When making a cake one slip with the wrong mixture of ingredients can spell disaster, but it can equally create something new.
That’s the same feeling the developers must have been getting when creating Badland. It’s a mix of ideas from different genres and it’s not clear until a fair few levels in just how it will turn out.
The game is a level by level style runner with the basic idea being to get from one side of the level to the other intact. You play a rather cute little animal which looks a little like a hybrid of monkey, hedgehog and bird. We’ll call it a Hedmond just for the sake of arguement. There’s no story, only a description on the App Store which tells you that something is wrong in your forest and it’s up to you to find out what it is by making the perilous journey to the other side.
The standout feature of Badlands is most certainly the art style. There’s a beatifully drawn background with a ton of little touches, such as creatures half hidden in shadows watching your progress. This is overlayed by the shadowy shapes of the foreground, the obstacles and scenery that you need to navigate, and hedmond himself.
No explanation is given to your objective or even the controls as the game immediately places you at the start of your journey and waits for your first touch of the screen. It’s soon clear that minimal controls are required to guide your furry friend, though, as a simple touch of the screen will lift him up and letting go drops him down. That’s it, there’s nothing else to it.
Would that the game was this easy, though. Even on the first few stages you may fall foul to the evil that is the whirring blades, sticky plants and various other contraptions set out to stop you in your path as the screenn scrolls ever on. If you’re left at the side of the screen as it scrolls past then it’s game over. Luckily. levels begin with straightforward avoidance to gently ease you in to the mechanics of the game before throwing in the first really fiendish object. This does create moments where you feel out of control, the fans, wind and scenery bouncing you around, but it’s offset by the need to be constantly aware of your surroundings and when the next deadly obstacle will appear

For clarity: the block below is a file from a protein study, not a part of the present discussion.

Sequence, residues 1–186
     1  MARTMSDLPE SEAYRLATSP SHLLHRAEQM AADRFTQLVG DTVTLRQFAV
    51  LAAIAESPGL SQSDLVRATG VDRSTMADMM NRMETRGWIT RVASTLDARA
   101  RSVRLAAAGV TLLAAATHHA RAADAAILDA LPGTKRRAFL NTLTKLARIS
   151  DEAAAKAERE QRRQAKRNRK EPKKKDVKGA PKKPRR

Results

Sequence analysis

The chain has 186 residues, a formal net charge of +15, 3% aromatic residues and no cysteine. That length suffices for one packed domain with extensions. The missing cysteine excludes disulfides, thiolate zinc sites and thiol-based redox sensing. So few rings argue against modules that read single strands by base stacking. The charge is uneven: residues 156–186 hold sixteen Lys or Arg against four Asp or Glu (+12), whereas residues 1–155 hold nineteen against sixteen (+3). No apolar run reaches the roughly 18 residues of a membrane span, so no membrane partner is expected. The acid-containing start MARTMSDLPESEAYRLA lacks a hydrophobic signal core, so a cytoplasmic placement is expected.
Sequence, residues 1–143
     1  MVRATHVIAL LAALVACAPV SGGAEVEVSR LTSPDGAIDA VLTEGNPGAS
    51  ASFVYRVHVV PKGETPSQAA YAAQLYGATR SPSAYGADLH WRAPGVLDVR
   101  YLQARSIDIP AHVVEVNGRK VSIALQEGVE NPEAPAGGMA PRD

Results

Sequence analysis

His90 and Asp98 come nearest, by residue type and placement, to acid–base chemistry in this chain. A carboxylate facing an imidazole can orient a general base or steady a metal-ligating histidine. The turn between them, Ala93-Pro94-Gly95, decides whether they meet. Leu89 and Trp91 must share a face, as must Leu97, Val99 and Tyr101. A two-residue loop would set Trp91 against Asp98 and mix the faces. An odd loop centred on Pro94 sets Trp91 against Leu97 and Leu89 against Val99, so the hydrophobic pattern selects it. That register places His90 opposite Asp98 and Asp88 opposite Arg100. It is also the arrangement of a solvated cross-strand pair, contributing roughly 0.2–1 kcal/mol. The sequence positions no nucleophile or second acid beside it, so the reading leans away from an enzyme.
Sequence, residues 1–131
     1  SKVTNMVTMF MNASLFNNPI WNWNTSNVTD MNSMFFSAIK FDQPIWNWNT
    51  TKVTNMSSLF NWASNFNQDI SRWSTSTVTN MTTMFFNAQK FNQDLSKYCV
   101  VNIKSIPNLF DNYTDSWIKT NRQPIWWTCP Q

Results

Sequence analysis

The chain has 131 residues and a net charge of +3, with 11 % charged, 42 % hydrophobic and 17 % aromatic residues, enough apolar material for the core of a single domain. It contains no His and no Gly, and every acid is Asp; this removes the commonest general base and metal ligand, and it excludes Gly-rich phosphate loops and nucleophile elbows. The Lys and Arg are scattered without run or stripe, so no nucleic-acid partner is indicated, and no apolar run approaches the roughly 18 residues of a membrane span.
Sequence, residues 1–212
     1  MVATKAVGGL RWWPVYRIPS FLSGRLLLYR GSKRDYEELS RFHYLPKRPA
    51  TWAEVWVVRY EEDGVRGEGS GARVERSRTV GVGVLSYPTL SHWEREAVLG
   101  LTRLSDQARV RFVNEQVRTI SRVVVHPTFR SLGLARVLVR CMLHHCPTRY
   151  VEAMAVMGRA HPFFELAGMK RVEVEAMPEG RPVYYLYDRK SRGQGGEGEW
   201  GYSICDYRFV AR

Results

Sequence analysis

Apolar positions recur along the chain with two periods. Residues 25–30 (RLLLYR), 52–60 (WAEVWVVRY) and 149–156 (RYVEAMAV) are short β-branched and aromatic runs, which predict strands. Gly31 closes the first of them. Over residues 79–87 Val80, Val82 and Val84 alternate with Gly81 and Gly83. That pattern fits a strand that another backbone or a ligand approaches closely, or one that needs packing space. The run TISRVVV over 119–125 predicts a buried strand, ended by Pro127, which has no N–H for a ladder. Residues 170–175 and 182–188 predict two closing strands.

This is where the puzzle element comes in. As the objects build in each new level you’ll need to plan ahead and work out just what to do to continue. Do you need to lift that twig? How do you move past the falling boulder in time and just how do you stop the exploding mines from throwing you backwards at high speed? Later levels may need to be played many times before finding the right path and working out how the physics can work with you rather than against you.
There are also times when you’ll come across a bunch of clones, creatures just like you that are rescued simply by brushing past them. They’ll follow your lead and react at the same time as the original Hedmond, but because they are in a different position it often results in them becoming cannon fodder to allow you to continue. There is an incentive in bringing these clones to the end of the level with you, it’s the only sign of a scoring system for each of the 40 levels.
The game is split into Days, with only Day 1 being available from the start, though this contains a pretty hefty 40 levels split into 4 sections. More levels are promised soon, though, for those eager to continue little Hedmond’s journey, and there’s no IAP in sight, which is refreshing.
Add in a four-player mode where each player takes a corner of the screen for tapping and the player who survives the longest wins, plus Gamecenter support and you have something that feels unique and well worth the initial cost.
Badland is a joy to watch, listen to and play. At times the gameplay may feel as if it’s dragging you along with little control, but a split second’s tap can also make all the difference between life and death and the journey is certainly worthwhile.